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Interactive tool to help Minnesotans pursue a career in energy

February 28, 2011

Interactive tool to help Minnesotans pursue a career in energy

For Immediate Release: Monday, February 28, 2011 

Consortium of state agencies partner to create Minnesota's first energy-training map

(ST. PAUL, MN)  Minnesotans hoping to find a job in the fast-growing energy sector no longer have to search multiple websites to figure out where to go for training. Earlier this month, the Minnesota Department of Commerce and iSeek unveiled the state's first set of energy-specific training maps to allow both entry-level and professional workers to easily locate and register for relevant training programs in the state.

The one-of-a kind resource, available at , will enable workers to access the training they need to either enter or advance in an energy career. The maps provide a summary of training programs, contact information for training institutions, website links to institutions, information on the length of the programs, and indicates whether the program leads to a degree or certification.

"Our hope is that this set of maps will give Minnesotans an edge in today's competitive job market," said Commerce Commissioner Mike Rothman. "In turn, employers in the state's energy industry will reap the benefits of highly-skilled workers needed to do jobs such as power line maintenance and solar panel installation."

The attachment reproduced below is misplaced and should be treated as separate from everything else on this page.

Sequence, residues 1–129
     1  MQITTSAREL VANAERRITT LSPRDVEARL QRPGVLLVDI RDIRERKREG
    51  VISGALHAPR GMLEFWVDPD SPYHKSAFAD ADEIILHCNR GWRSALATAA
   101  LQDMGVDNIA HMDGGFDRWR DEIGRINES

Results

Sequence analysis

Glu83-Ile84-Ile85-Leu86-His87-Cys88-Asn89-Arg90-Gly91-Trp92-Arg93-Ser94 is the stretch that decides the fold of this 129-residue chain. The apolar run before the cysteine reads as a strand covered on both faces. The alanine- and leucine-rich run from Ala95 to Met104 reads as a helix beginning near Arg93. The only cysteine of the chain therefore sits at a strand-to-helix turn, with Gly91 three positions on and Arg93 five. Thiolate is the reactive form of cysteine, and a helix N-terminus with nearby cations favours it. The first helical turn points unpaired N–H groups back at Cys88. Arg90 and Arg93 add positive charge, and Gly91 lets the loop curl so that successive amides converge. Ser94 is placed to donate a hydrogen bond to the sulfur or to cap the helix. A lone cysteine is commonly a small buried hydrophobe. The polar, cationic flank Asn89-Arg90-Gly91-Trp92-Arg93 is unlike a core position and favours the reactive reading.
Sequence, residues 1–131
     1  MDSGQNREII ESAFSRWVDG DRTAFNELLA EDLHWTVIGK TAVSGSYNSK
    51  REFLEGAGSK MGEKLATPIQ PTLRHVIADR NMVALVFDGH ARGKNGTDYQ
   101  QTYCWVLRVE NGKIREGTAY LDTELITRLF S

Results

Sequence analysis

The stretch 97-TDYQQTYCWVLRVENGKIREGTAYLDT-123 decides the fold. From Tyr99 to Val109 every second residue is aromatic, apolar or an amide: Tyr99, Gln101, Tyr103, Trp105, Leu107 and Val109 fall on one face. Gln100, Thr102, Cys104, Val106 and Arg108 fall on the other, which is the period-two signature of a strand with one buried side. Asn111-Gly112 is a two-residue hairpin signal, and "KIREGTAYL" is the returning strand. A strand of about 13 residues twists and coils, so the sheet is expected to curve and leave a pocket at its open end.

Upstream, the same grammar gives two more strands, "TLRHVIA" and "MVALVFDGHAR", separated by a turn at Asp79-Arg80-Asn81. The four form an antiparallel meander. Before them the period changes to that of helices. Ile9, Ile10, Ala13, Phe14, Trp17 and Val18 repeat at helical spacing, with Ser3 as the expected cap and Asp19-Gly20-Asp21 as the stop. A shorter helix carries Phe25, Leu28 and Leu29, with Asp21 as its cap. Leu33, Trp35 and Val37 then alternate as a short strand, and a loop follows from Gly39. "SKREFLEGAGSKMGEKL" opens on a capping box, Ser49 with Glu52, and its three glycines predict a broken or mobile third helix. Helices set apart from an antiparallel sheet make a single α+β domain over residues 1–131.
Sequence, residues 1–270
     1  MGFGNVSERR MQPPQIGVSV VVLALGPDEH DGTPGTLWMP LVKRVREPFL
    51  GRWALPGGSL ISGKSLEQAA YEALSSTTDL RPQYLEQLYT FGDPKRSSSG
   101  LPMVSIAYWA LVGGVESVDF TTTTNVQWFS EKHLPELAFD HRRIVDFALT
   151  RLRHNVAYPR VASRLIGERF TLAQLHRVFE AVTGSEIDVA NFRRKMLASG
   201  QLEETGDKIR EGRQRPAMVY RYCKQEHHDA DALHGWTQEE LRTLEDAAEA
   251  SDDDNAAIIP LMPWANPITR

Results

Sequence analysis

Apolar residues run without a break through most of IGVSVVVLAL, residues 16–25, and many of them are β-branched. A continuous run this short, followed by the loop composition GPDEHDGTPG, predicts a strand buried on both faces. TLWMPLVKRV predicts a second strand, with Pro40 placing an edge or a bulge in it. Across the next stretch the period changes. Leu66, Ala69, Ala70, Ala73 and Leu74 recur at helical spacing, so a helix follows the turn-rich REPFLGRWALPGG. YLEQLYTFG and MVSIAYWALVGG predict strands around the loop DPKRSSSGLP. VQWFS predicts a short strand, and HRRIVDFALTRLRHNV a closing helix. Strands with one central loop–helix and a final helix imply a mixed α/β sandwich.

Three categories are addressed in the maps: energy-related training programs, apprenticeships, and industry-recognized certification training and testing. The maps feature opportunities to become specialized in energy-efficiency building operations, electric and gas transmission and distribution, and traditional energy generation.

Funding for this project was provided by the Minnesota Department of Commerce, Office of Energy Security (OES). The project is a partnership between the Minnesota Department of Commerce, Minnesota Department of Labor, Minnesota State Colleges and Universities and iSeek, Minnesota's comprehensive career, education, and job resource.

For more information energy-related training, visit the OES website